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European observatory discovers black hole discovered near the Earth

By AFP | May 7th 2020 at 09:05:00 GMT +0300

"Only" 1,000 light-years separate us: astronomers from the European Southern Observatory (ESO) have discovered a new black hole, the closest to Earth ever detected, located in a stellar system visible to the naked eye, according to a study published Wednesday.

[A black hole] is a region of space having a gravitational field so intense that no matter or radiation can escape.]

It is a stellar black hole, resulting from the collapse of a massive star on itself, as big as at least four times the Sun. Unlike supermassive black holes, it is "silent" because it "does not interact violently with its environment" (it does not absorb matter): it is, therefore "really black" and hidden in the star system "HR 6819 ", ESO said in a press release.

The ESO team was initially interested in HR 6819 as a binary star system, which includes a variety of stars more massive and brighter than the Sun. Thanks to the spectrograph (an instrument which allows measuring the radial speed of an object) "FEROS", located at the observatory of La Silla (Chile), astronomers have noticed that one of the two stars is moving faster than the 'other, and orbiting in an unusual way, every forty days, around an invisible object.

By studying this trajectory, they were able to detect the presence of the black hole and calculate its mass. "An invisible object with a mass of at least four times the Sun can only be a black hole," says astrophysicist Thomas Rivinius, lead author of the study published in the journal Astronomy & Astrophysics.

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"This star system contains the closest black hole to Earth that we know of," he said.

"We were totally surprised when we realised that it was the first stellar system visible to the naked eye with a black hole," adds Petr Hadrava, of the Prague Academy of Sciences, co-author of the 'study.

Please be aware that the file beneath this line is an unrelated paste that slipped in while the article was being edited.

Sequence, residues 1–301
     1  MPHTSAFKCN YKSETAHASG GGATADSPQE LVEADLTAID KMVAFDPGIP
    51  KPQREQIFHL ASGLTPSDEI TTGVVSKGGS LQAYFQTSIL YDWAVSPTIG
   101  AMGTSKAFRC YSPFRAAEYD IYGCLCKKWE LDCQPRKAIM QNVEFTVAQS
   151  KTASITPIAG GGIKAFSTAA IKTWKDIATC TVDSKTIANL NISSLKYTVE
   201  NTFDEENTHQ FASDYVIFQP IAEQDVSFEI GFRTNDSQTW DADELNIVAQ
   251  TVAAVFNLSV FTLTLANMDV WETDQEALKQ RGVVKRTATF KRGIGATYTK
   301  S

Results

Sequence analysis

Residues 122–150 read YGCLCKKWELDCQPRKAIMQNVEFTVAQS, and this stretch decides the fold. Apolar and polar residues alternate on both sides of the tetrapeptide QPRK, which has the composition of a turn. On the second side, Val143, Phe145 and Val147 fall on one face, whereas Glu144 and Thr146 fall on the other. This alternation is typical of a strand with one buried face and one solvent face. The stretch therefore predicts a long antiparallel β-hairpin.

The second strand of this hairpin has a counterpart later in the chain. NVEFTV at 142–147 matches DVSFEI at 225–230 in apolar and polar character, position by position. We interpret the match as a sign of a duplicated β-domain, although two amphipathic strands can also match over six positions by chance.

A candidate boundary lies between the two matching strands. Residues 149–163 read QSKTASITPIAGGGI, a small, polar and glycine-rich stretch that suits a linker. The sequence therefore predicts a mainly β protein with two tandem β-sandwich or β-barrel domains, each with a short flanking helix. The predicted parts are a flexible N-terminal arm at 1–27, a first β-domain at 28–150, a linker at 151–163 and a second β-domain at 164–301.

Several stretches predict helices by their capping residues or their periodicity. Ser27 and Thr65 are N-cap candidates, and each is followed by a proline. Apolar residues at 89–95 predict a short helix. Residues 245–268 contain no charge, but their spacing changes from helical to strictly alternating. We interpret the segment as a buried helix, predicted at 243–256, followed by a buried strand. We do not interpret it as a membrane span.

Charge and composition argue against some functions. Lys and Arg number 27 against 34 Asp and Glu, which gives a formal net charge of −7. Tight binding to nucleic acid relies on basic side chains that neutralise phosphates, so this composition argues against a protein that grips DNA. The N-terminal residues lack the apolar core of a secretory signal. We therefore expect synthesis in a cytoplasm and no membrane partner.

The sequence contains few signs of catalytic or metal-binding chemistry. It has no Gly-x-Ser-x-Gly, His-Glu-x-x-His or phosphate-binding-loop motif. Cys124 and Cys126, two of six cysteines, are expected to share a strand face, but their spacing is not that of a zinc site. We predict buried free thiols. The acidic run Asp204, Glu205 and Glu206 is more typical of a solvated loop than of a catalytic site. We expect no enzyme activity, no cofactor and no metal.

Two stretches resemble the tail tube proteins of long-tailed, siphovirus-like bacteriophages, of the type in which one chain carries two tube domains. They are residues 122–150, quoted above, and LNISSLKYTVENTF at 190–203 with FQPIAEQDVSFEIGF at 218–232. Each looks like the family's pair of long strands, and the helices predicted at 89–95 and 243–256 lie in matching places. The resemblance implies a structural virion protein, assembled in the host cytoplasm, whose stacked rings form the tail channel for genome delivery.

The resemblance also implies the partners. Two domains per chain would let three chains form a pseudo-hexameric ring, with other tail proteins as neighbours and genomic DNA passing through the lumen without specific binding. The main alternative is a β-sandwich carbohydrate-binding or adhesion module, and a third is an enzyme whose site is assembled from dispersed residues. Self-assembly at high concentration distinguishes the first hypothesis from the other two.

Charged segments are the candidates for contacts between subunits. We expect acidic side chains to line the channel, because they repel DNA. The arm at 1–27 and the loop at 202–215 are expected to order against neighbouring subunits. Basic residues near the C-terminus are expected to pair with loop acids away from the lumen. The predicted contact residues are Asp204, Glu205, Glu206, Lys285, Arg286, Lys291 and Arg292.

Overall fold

For the time being, the study recalls, only two dozen black holes have been detected in our galaxy, which includes in its center a supermassive black hole.

"We know few stellar black holes in the Milky Way, but we think there are a lot, because they are natural products of the evolution of massive stars", comments Pierre Kervella, astronomer of the Paris Observatory - PSL, interviewed by AFP.

"As long as they are calm, that is to say that there is no accretion of matter, these objects are difficult to detect. If they are not in a system, they cannot be see, "he continues.

The black hole of HR 6819 could thus be detected via "the gravitational attraction which it prints on the star", decrypts the astronomer, according to which this study is an "additional brick to understand the sources of gravitational waves", detected in 2016.

The object discovered is located 1,000 light-years away (several tens of millions of billions of kilometers), that is "about 200 times further than the closest star to us, Alpha of the Centaur; which, at l 'stellar scale, is not far ", analyzes Pierre Kervella.

 


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